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[Editted version of the one I posted on the Board mailing list by accident; thanks for reminders :-]

Official Edition is really confusing. Which suggests there is also a Unofficial edition. A copycat fork? Or are those LTS releases powered by clones, trying to make a profit from TDF LibreOffice

I also find it hard to differentiate between 'branch' and 'edition'
LibreOffice by TDF build base ond they 'latest' branch. While LTS being somewhat more 'conventional'. Whereas Edition being mostly about variants of the same thing. So Standard and Professional Edition. Both look the same, but Professional has more features. OK, there are some marketing stunts, where same stuff gets sold with different labels (thinking about fertilizers) with different prices.
But that's they exception and feels like deception.

Sometimes I tend to 'drop' the explicit mentioning of 'Edition'.
Does it really need explicit 'Edition' to be called edition when materially an edition?

So the website/wiki etc LibreOffice is promoted as Latest supplied/ made available by TDF. LibreOffice simply called LibreOffice. Prominently being presented as based on a 'rolling' release model/framework which might be more unstable, with a 'fixed' snapshot schedule. So we tag it 7.0.2 for differentiation purposes (bug tracking/communication). But snapshot 'of rolling' Without explicitly guaranteeing 7.0.3 to be better compared to 7.0.2. It often is, but not all they time.
Take current 7.0.2 bit a of a calculation disaster compared to 7.0.1
So would advocate a more or less Debian Development model. Rolling model with Cycles (smaller incremental) large major updates. Where LibreOffice LTS powered by being framed a still/stable editions for more 'conventional usage'

Note also they distinction by 'powered' and 'supplied' or 'made available' which more passive, compared to powered. TDF simply builds the 'latest' branch, doesn't do much development by itself.

And to make 'LTS' bit more attractive.. drop the whole stable/still edition at TDF. People using LibreOffice should be on 'rolling'. If they dislike that they can dig in they archive reprository to find some older version. Also, users don't have to upgrade. But TDF doesn't need to have serve barely supported 'still'. Which being a kind of LTS light.

Where as the still branch never had a proper reputation (at least in my world). I mostly pick fresh (or even master).

Replace that with a 'LTS story' powered by.. It cheap enough to be bought by regular users. So or they contribute by being in the 'rolling' - permanent improving/regressing testing version. Or opt for the more reliable, older and paid LTS. And we could put a note how to dig up they last release in a cycle. However not to be communicated actively as 'stable'.

LibreOffice Rolling (made available by TDF) and LibreOffice LTS powered by XX
With same additional text in about box they Rolling release about LTS
And communication about they rolling release cycle concept

Maybe is made available or distributed by TDF better compared to supplied.
As it points out TDF not being directly responsible for the code itself,
or at least that there is something more to it.

What I personally conceive is a mess if of course 'powered by'. There are two or more LTS versions :-( And I assume there are some difference between CIB <-> Collabora (except the name), but I'm surely not knowing what that should be. I mean it, I really don't know! Between LibreOffice and Powered Editions I can get it. But even that - LibreOffice by partners being more mature (or older) editions - not that obvious. Is CIB better compared to Collabora? Or visa versa? Is there no difference, but why two versions? I'm still confused here. As a user I would think, did I buy the right one. [Looking at it regular user perspective; as they Editions being sold in app stores to general public too]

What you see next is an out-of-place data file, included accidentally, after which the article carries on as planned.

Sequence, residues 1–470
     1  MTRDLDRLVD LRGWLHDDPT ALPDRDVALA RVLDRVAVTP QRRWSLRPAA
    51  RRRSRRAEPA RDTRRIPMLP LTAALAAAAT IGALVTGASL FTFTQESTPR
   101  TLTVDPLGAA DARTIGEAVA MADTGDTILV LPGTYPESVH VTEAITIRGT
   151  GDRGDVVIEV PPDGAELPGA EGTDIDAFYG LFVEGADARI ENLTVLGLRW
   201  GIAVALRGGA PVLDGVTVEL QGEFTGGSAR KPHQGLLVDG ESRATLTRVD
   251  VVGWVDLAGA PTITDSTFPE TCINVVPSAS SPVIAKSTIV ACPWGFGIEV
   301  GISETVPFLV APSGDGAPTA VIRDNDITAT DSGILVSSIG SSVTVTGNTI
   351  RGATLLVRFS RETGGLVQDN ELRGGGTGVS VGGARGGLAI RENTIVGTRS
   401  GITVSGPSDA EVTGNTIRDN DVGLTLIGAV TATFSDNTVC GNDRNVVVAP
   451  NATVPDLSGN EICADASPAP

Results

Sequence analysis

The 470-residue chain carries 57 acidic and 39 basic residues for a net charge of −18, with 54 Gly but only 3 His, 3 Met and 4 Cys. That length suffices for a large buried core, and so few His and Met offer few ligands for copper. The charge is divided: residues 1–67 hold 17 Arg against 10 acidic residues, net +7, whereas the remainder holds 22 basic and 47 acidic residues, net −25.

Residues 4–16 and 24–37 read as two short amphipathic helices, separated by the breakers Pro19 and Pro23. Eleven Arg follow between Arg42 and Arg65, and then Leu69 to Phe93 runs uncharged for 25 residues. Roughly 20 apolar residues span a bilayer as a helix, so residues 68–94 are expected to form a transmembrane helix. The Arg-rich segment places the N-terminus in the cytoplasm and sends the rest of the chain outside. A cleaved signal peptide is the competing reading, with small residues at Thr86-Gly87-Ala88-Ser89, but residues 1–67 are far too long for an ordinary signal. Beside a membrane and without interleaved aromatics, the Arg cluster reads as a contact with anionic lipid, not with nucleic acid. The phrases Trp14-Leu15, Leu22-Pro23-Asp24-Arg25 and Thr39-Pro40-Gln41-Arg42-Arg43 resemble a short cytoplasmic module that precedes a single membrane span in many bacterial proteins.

Some other editions I made up in a brainstorming session (some are awful)
LibreOffice Regular Edition by TDF
LibreOffice Common Edition
LibreOffice Fresh Edition
LibreOffice Feature-rich Edition
LibreOffice Innovation Edition
LibreOffice Innovative Edition
LibreOffice Novel Edition
LibreOffice State of the Art Edition
LibreOffice Progress Edition
LibreOffice Progressive Edition
LibreOffice Advancement Edition
LibreOffice Latest Edition [problem older editions 'show' latests.. which isn't the case]
LibreOffice Active Edition
LibreOffice Modern Edition
LibreOffice Snapshot edition
LibreOffice Rolling Edition
LibreOffice Advancing

Op 23-10-2020 om 18:43 schreef Simon Phipps:
It certainly (correctly) indicates there are unofficial editions in
circulation. I see that as a helpful differentiator. I would not jump to
the conclusion they are untrustworthy; however, the use of a validated
"Libreoffice technology" signifier as Italo has proposed would fix that if
it were a problem for other editions to confirm they too are approved by

The term "Community Edition" is very commonly used to differentiate
feature-limited versions so if I had to choose, I would rather our version
was considered strong because we use an "Official Edition" tag rather than
the software produced by others being considered stronger because we use a
"Community Edition" tag.



On Fri, Oct 23, 2020 at 3:16 PM Nigel Verity <>

Doesn't this imply there are some unofficial and, thereby, untrustworthy
editions in circulation?


On 23 Oct 2020, at 06:44, Simon Phipps <> wrote:

Taking on board all the concerns about not giving the impression of a
weaker version, and if "no label" is really not an option, how about
calling TDF's package "official edition"?

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